The current round of multilateral trade negotiations in the World Trade Organisation (WTO) seems to have stalled. Observers and researchers have noted that part of the reason is that the economic gains to be made from the current round of negotiations are relatively low after the previous eight rounds of GATT and WTO negotiations.
However, these claims are made based on economic gains from trade liberalization through their impact on import and export flows. However, political gains from trade agreements, associated with problems of credibility, signalling, and insurance can have a very significant economic value that has been neglected by studies and analysis so far. This research project provided an estimate of the economic importance of those political gains from trade agreements.
The current round of multilateral trade negotiations in the World Trade Organization seem to has stalled. Observers and researchers have noted that part of the reason is that the economic gains to be made from the current round of negotiations are relatively low after the previous eight rounds of GATT and WTO negotiations. But these claims are made based on economic gains from trade liberalization through their impact on import and export flows. In this project we move beyond pure economic gains to consider the gains that trade agreements could bring in the presence of credibility problems or uncertainty. The project includes three working papers. In the first paper we explored the credibility rationale for signing trade agreements. We found that governments that are relatively weak in terms of bargaining power when facing interest groups, and that give intermediary values to social welfare in their objective function are more likely to sign trade agreements for credibility reasons. These trade agreements are also more trade-creating than agreements that are signed for other reasons. In the second paper we explored the extent to which trade agreements help reduce trade policy volatility. We focus on agricultural trade policy because it is notoriously volatile. We found that trade agreements help reduce agricultural trade-policy volatility. We also found that the WTO’s agricultural agreement also contributed to reducing agricultural trade-policy volatility, in spite of the weak disciplines involved, but the effect is weak. Finally, in a third paper we examined the role played by GATT’s tariff binding in limiting the protectionist response during economic crisis. We found that tariff bounds today could allow in most countries, particularly in the developing world, for a very large protectionist response to economic crisis, but this flexibility allowed by the system has rarely been used.
The objective of this paper is to evaluate the extend to which trade agreements affect agricultural trade policy volatility. Using a new panel database compiled as part of the World Bank’s Agricultural Distortions research project, we estimate the effect of regionalism (proxied in various ways) on the volatility of price distortions measured by the absolute value of their first differences, averaged, for each country and year, over all agricultural goods. Using an instrumental-variable approach to correct for the endogeneity of regional trade agreements, (RTAs), we find that participation in RTAs has a significantly negative effect on agricultural trade-policy volatility. We find that the WTO’s agricultural agreement also contributed to reducing agricultural trade-policy volatility, in spite of the weak disciplines involved, but the effect is only weakly identified. Our results are robust to a variety of robustness checks and hold, in particular, for the Latin American sub-sample.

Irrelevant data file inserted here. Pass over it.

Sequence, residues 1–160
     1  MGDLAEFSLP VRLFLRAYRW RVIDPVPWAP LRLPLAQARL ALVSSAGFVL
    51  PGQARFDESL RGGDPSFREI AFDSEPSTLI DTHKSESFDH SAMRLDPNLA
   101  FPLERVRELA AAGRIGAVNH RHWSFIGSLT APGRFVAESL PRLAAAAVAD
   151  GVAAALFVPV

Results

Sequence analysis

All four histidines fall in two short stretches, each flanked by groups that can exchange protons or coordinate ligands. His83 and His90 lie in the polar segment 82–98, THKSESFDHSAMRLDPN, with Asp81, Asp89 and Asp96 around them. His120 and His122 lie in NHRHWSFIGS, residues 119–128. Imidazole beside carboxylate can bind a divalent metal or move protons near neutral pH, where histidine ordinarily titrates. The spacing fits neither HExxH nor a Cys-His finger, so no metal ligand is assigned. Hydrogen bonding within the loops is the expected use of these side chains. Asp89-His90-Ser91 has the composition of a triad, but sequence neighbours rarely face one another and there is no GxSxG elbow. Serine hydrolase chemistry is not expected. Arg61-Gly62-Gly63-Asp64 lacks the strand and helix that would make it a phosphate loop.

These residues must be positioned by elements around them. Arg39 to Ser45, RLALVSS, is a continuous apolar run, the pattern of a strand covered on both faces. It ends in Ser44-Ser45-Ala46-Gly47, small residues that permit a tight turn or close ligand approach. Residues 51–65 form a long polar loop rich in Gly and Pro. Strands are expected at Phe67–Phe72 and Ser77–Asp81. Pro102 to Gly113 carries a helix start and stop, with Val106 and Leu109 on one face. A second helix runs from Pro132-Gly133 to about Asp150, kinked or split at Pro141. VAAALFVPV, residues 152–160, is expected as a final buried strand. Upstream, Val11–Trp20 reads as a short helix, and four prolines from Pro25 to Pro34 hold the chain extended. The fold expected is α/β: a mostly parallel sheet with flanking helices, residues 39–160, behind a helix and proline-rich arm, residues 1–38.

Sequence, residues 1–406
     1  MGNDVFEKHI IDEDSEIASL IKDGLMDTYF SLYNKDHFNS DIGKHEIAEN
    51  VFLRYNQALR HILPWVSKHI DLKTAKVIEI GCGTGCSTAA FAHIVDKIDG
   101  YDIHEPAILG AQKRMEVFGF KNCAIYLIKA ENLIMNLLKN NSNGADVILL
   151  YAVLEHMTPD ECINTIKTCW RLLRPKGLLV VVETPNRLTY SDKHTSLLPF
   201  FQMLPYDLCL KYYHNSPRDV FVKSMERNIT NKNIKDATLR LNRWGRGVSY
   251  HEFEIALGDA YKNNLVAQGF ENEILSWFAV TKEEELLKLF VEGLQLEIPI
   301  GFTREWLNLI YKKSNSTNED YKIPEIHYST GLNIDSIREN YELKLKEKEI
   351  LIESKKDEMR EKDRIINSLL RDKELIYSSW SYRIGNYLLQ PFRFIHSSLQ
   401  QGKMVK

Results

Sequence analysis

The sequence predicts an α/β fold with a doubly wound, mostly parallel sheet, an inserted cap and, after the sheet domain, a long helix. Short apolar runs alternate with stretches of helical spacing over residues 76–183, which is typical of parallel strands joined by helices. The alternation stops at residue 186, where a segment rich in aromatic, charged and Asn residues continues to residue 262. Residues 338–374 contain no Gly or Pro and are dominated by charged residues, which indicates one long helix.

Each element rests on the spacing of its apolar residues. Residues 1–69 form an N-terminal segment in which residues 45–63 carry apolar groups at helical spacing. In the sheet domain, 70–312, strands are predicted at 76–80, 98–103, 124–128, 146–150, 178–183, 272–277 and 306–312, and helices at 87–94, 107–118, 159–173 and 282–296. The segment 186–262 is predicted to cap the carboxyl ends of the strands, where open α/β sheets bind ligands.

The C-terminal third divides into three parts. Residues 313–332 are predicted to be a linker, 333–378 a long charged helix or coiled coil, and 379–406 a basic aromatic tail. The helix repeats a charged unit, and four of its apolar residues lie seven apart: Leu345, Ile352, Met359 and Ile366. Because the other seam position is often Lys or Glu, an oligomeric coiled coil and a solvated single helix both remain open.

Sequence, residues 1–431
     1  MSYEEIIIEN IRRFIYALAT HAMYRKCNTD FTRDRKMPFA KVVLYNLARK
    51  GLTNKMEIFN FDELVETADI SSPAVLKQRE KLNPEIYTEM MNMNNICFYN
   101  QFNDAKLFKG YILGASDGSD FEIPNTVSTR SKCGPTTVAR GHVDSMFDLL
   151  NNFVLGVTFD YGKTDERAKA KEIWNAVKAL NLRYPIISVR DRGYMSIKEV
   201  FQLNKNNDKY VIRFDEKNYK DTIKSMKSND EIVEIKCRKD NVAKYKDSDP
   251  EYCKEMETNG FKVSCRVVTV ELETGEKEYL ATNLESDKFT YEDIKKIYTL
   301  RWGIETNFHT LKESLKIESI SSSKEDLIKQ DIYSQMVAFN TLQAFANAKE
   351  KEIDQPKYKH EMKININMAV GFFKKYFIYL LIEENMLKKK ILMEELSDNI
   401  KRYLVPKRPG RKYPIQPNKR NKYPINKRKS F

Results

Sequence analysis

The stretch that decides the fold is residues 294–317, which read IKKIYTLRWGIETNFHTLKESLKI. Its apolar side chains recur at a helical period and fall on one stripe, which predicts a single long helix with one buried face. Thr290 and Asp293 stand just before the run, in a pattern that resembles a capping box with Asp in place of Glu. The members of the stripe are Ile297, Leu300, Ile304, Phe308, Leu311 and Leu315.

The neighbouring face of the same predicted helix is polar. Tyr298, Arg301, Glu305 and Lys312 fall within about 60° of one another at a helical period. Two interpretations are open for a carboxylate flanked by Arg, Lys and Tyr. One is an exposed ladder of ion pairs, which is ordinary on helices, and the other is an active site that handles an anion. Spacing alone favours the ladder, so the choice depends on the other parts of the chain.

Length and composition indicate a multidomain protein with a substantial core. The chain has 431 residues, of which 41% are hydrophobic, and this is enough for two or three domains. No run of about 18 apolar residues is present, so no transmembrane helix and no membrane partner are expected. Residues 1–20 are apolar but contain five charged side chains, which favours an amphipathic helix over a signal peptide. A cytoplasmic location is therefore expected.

As the economic crisis deepens and widens, fears of a return to the protectionist spiral of the 1930s become more common. However, an important difference between the 1930s and today is the existence of the World Trade Organization and the legal limits it imposes on the protectionist responses members can pursue. The objective of this paper is threefold. First, to assess the extent to which applied tariff can legally be raised without violating tariff-bound obligations, and compare it with what is economically possible. Second, to examine what has been the protectionist response of individual countries when facing an economic crisis since the creation of the WTO. Finally, to predict how far the protectionist responses will go during the current crisis. Results suggest that the policy space left when looking at what is economically possible is indeed quite large. However, in the recent past very little of the available policy space has been used by countries suffering from an economic crisis. Our predictions for the current crisis are modest tariff hikes in the order of 8 percent.
The recent theoretical literature on the determinants of trade agreements has stressed the importance of political gains, such as credibility, as a rationale for trade agreements. The empirical literature, however, has lagged behind in the estimation of the economic gains or losses associated with these politically motivated trade agreements. This paper fills that gap by providing estimates of the economic impact of politically and economically motivated trade agreements. We find that credibility gains play a role in increasing the probability of two countries signing an agreement. Moreover, agreements with a stronger political motivation are more trade creating than agreements that are signed for pure market access / economic reasons.